OTTAWA — An increasingly bitter dispute between two of Canada’s largest provinces over expansion of a pipeline for tar sands oil is pitting environmentalists against business and posing a major political challenge for Prime Minister Justin Trudeau.

At the heart of the battle are plans to triple the capacity of the 65-year-old Trans Mountain pipeline, allowing more crude to flow from northern Alberta to the port of Burnaby, B.C. , adjacent to Vancouver.

The province of Alberta says the $5.7 billion project, which the Trudeau government approved in late 2016, is crucial to the growth of its oil industry, which is increasingly dependent on tar sands extraction facilities. In Alberta, tar sands are mined in massive open-pit operations and must be partially processed to create a crude known as diluted bitumen before it is sent by pipeline or rail to be refined into gasoline and other petroleum products. Because of capacity constraints and roadblocks facing several other pipeline projects, the province is finding it increasingly difficult to get its oil to market.

Next door, in the province of British Columbia, the eco-friendly government of Premier John Horgan is challenging the pipeline expansion in court, claiming better protection of the province’s scenic coastline is needed in case of a tanker spill. That has enraged Alberta, which has vowed to retaliate by introducing legislation to “turn off the taps” of diesel and gasoline to British Columbia, vital to that province’s economy.

“On the one hand, they don’t want our oil, and on the other hand, they are suing us to give them our oil,” Alberta Premier Rachel Notley said this week after British Columbia hit back with another lawsuit and said it will seek an injunction to stop Alberta from cutting off its fuel supply. Earlier this year, Alberta also threatened to retaliate against its neighbor by banning the sale of British Columbian wine in the province.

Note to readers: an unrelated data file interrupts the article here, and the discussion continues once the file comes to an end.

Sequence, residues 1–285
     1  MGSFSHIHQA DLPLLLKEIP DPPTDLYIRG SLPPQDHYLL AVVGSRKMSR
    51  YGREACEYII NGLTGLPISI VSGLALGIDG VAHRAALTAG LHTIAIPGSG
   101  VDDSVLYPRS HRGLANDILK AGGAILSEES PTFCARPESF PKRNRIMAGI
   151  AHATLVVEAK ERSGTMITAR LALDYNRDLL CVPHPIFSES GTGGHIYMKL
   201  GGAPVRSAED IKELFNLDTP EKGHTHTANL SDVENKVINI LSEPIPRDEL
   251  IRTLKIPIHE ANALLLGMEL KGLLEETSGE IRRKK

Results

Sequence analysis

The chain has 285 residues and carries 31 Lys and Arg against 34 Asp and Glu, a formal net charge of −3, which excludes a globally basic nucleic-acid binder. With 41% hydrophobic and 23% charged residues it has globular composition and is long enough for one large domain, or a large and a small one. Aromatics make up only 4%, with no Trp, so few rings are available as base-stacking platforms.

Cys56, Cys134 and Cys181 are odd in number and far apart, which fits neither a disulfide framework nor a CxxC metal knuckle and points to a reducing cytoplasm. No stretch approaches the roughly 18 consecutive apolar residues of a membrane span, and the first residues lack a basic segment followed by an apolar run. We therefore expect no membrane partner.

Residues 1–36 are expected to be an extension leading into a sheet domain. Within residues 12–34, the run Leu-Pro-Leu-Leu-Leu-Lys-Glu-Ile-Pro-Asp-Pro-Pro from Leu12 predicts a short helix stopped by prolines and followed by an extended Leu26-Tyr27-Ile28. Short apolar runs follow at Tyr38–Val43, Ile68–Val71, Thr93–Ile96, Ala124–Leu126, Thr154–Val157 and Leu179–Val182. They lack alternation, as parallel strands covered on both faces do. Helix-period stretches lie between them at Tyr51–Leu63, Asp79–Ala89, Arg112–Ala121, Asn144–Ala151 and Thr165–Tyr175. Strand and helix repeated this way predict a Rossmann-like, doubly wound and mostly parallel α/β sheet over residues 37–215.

Trudeau finds himself in the middle of the fray. Although he came to power in 2015 as an environmental champion and quickly signed Canada into the Paris climate accord, Trudeau has also been an outspoken backer of the Trans Mountain project, an affiliate of Houston-based Kinder Morgan.

“There is no choice between what is good for the climate and what is good for the economy,” Trudeau told reporters recently in Calgary, Alberta, capital of Canada’s oil industry. “They have to go together.”

He insisted: “This pipeline is in the national interest and it will get built.”

But the legal drama has put the expansion project in jeopardy. In April, Kinder Morgan announced it was suspending all nonessential work on the pipeline and would decide by May 31 whether to pull the plug on the 715-mile expansion.

The Trudeau government has responded by offering to compensate Kinder Morgan or other potential investors for any “unnecessary delays” on the project and has hinted that if Kinder Morgan pulls out of the project, other private-sector firms would be willing to fill the void.